FOXBOROUGH — Tom Brady will be 36 Saturday, an age when most NFL veterans who are lucky to make it this far think about taking it easy during training camp, or skipping the first few weeks altogether.
The Falcons are allowing Tony Gonzalez, 37, to take all the time off he needs this camp as long as he’s ready for Week 1. And who can forget Brett Favre’s constant waffling at the end of his career, due almost entirely to his hatred of training camp?
Brady, though, has been forced to take the opposite approach this season.
Brady’s attendance in the Patriots’ offseason program had slipped in recent years, as he has morphed into more of a family man and worldwide icon, but this offseason was different.
Brady stayed in town this spring and put in time with his new teammates, earning one of 10 offseason MVP awards on Wednesday. Last week, he reported to training camp four days early, along with the rookies.
Brady didn’t suddenly rediscover a love of conditioning drills.
He knew that for the Patriots to be successful this season, he better start working with his new cast of receivers, who lack experience.
“I’m just willing to do whatever it takes,” he said.
Of the 12 receivers in Patriots camp, six are rookies, including two expected to make a big impact this year — second-rounder Aaron Dobson and fourth-rounder Josh Boyce. The veterans are also new – Danny Amendola and Michael Jenkins, the only receiver over 30. Among the receivers running with the starters during camp are undrafted rookie Kenbrell Thompkins and former practice squad receiver Kamar Aiken, who look like decent bets to stick on the active roster.
The Patriots have never had a younger and less experienced group at receiver since Brady took over in 2001. The top nine receivers in camp – that also includes Matthew Slater, Lavelle Hawkins, and an injured Julian Edelman – average 25.78 years old, with 4.22 years of NFL experience.
The Patriots only will keep six receivers at most on the roster, so if and when Jenkins, Hawkins, or maybe even Edelman (doubtful) are cut, those numbers will come down even more.
For the first 13 years of his career, Brady always had a trusty veteran wide receiver to rely upon.
In 2001, he had nine-year veteran Troy Brown, eight-year vet Charles Johnson, and fifth-year veteran David Patten as his targets and mentors.
As the decade progressed and those veterans moved on, he had Randy Moss, Wes Welker, Deion Branch, and Jabar Gaffney, who each arrived in New England as polished, finished products. Last year’s group had an average age of 28.5 with 6.83 years of experience.
But when Brady walks into the wide receiver meeting room this season, he can’t help but feel like an old man. He’s 15 years older than Dobson, who may be an opening day starter.
Brady said he finds it easy to get upset at his young new teammates when they make a mistake, and he must remind himself to be patient.
“I don’t want to be a grumpy old guy,” he said. “I understand there’s a learning curve and there’s a patience. I think you try to let them know though, that there’s an urgency about it, so it’s not like you can afford mistakes.”
The young receivers “have been really willing to come in here and learn and take to the coaches and listen and take hard criticism, so to speak,” Brady added. “Because when you’re a young player, when you’re a veteran player, you don’t get it all right. Everyone needs the reps.”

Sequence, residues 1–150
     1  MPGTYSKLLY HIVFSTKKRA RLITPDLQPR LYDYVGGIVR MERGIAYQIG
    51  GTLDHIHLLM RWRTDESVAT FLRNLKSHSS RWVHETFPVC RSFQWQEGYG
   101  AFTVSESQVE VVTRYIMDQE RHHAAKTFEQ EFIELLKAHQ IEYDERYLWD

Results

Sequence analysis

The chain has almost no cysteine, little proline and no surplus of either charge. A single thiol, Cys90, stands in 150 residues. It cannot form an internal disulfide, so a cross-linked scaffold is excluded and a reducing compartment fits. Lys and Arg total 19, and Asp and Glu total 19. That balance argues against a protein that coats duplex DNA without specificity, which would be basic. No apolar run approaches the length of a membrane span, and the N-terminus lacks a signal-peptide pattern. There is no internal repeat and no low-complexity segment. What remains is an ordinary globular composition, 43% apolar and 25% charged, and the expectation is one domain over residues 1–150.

Yes, Brady too, even entering his 14th season, with three Super Bowls, two MVPs, and 44,806 passing yards.
Brady can’t afford to save his arm for the regular season. He needs to get on the same page as Amendola, Dobson, Boyce, Jenkins and the rest of the new crew right away.
“Yesterday was a two-hour, 45-minute practice, and we ran 130 plays or something like that,” Brady said. “That’s how you get better playing football. To actually be able to go out and do it.”
The one bright spot in the receiver room so far has been Amendola, who is clearly the most polished receiver on the field. If he can play 16 games like Welker always did, there’s little reason to think he can’t top 100 catches this season.
“He’s a very good receiver,” coach Bill Belichick told Sirius XM in a rare moment of public praise. “He can play outside, play inside. He can run after the catch, has returned kicks. Has good ball skills. Good concentration. Tough kid. We’re excited to have him and we’ll see how it all fits together. I know the quarterbacks are gaining a lot of confidence in his route-running and catching ability.”
And Brady said the youngsters have shown good football smarts thus far.
“We have a pretty smart group of guys. That’s been a positive,” Brady said. “It’s hard to exist in this program if you’re not a smart player.”
By all accounts, the “Favre way” of skipping training camp and saving his body for the regular season is not for Brady.
“That’s probably a contradiction to the way he looks at training camp,” offensive coordinator Josh McDaniels said. “He has such a youthful enthusiasm about himself and the way he goes about his day and training camp each day, that reminds me of when he was younger every time I see him.”
“He hasn’t lost his passion for the game. He’s out there early, he’s staying late, he’s doing extra, he’s really engaged with our group on offense – whether it’s the linemen or the skill positions. [And] he’s extremely coachable, which I think for a player that has achieved a lot of the things he’s achieved individually and as a leader of this team, I think that’s really a neat thing for me to experience.”